When once we have walked long enough upon this earth, it will come to us that one moment more than any other defines our brief transit here among the living. Some remember where they were when man first walked upon the moon, others when the angelic Kennedy was taken from us, while yet for others that defining moment is when Philip ‘Phil’ Taylor won his record-breaking 15th world darts championship (o rapturous day!). For me that singular moment occurred when first I heard the name of Kim Dotcom uttered upon the air-waves. It flew like a magical chariot upon the ether and came to me down the wires. I knew not what had happened, but that for one moment the time was out of joint. I felt the strength go from my legs. My mind swam and my vision blurred. Nothing would ever be the same again. This alone I knew to be a solemn truth and in reverence did I bow my head.
But let us examine more closely the gift Mr Dotcom brings. It is, above all, the gift of colour, of light, of contrast, that Mr Dotcom offers us. We have lived too long in cold shadows. We have suffered too long the dull, grey, dreary figures who tiresomely perambulate through our newspapers and tediously hold forth on our televisions. Like the Israelites we have wandered too long in a wilderness bereft of signs of life, the only sound the echoes of our own cries. We have been subjected to an interminable parade of the all too desperately finite, the chosen few who have numbered themselves among the elect and then been presented to us for our delectation, when in reality each repeated exposure is like being poisoned slowly, drop by single drop of bitter arsenic. Among them like a colossus has he come, a prophet to revive our wearied souls, to raise us from our spiritual anomie, to give us succour in our time of direst need.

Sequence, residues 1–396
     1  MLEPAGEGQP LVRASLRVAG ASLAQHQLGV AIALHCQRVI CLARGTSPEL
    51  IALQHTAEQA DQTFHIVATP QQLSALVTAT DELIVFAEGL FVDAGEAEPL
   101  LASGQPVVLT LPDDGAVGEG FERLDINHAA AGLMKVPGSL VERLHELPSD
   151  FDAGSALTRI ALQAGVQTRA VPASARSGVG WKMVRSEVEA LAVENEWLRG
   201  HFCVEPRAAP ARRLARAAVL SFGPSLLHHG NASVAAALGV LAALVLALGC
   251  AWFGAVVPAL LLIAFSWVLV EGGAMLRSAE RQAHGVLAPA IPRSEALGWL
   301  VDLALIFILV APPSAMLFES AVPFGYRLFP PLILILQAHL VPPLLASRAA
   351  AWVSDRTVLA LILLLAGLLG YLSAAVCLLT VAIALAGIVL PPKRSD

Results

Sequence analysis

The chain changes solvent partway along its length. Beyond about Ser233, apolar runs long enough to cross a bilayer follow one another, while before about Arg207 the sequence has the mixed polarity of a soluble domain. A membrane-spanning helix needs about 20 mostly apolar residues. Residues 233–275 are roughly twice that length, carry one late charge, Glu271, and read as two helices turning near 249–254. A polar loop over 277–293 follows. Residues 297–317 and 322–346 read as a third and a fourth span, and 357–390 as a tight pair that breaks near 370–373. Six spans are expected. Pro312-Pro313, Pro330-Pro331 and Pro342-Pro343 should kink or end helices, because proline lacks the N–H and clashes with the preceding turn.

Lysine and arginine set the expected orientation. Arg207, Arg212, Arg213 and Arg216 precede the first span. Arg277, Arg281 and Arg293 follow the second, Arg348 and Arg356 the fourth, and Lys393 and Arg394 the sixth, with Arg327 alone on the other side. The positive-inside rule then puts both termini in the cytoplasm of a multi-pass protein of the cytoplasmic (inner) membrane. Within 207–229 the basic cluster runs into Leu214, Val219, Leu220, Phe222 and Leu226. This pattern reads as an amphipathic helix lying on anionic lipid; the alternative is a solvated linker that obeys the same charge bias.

And so we are intrigued, beguiled. At once are we fascinated and revolted. His is indeed the face of innocence, but in his breast what nefariousness lurks? His smile promises sweetness, but in his eyes, what madness can be seen? This is the gift he brings, the gift of strangeness, of madness, of ambiguity and multiplicity. He is many and he is one.
Just recently, we have heard the lamentations of Mr Dotcom, weeping like the prophet Jeremiah, sighing unto his breast at having been forsaken. For this week did he speak of the treachery he has suffered at the hands of one of those dreary little figures who populate the monotonous dreamscape of our political world. Like Peter denying Christ (vide. Matt. 26:33-35), so too did John Banks deny Kim Dotcom. ‘I don’t know him,’ said Peter, and thus did John Banks also murmur with the stabs of betrayal in his heart. Perhaps somewhere in Parliament a cock crew, I cannot say for sure, but then did Mr Dotcom know what it is to be without a friend (I would hasten to add that not for a moment do I mean to suggest that, wondrous as he is, there is anything Christ-like about Kim Dotcom - for one thing, dare I say it, a man of his stature would not be so easily placed upon the cross, even if he might feel at the present that he is being rather crucified, to speak figuratively).
Yet now the leviathan that is